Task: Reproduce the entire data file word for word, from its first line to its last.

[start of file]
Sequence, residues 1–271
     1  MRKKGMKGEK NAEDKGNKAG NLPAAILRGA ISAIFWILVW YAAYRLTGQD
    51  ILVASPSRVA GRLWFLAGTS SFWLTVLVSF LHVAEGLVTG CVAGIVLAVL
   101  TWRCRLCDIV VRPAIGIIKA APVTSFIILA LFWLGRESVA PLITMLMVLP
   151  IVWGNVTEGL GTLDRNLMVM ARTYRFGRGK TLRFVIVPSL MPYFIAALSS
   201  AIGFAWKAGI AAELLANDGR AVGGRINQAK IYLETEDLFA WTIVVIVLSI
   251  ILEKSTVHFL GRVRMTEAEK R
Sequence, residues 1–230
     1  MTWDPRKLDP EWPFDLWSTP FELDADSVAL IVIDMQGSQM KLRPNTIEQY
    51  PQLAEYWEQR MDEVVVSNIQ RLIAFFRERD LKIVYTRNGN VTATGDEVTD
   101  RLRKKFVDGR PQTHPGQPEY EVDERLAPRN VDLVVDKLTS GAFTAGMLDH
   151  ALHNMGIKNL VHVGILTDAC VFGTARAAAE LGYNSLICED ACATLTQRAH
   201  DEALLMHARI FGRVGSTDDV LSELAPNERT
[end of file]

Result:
Sequence, residues 1–271
     1  MRKKGMKGEK NAEDKGNKAG NLPAAILRGA ISAIFWILVW YAAYRLTGQD
    51  ILVASPSRVA GRLWFLAGTS SFWLTVLVSF LHVAEGLVTG CVAGIVLAVL
   101  TWRCRLCDIV VRPAIGIIKA APVTSFIILA LFWLGRESVA PLITMLMVLP
   151  IVWGNVTEGL GTLDRNLMVM ARTYRFGRGK TLRFVIVPSL MPYFIAALSS
   201  AIGFAWKAGI AAELLANDGR AVGGRINQAK IYLETEDLFA WTIVVIVLSI
   251  ILEKSTVHFL GRVRMTEAEK R
Sequence, residues 1–230
     1  MTWDPRKLDP EWPFDLWSTP FELDADSVAL IVIDMQGSQM KLRPNTIEQY
    51  PQLAEYWEQR MDEVVVSNIQ RLIAFFRERD LKIVYTRNGN VTATGDEVTD
   101  RLRKKFVDGR PQTHPGQPEY EVDERLAPRN VDLVVDKLTS GAFTAGMLDH
   151  ALHNMGIKNL VHVGILTDAC VFGTARAAAE LGYNSLICED ACATLTQRAH
   201  DEALLMHARI FGRVGSTDDV LSELAPNERT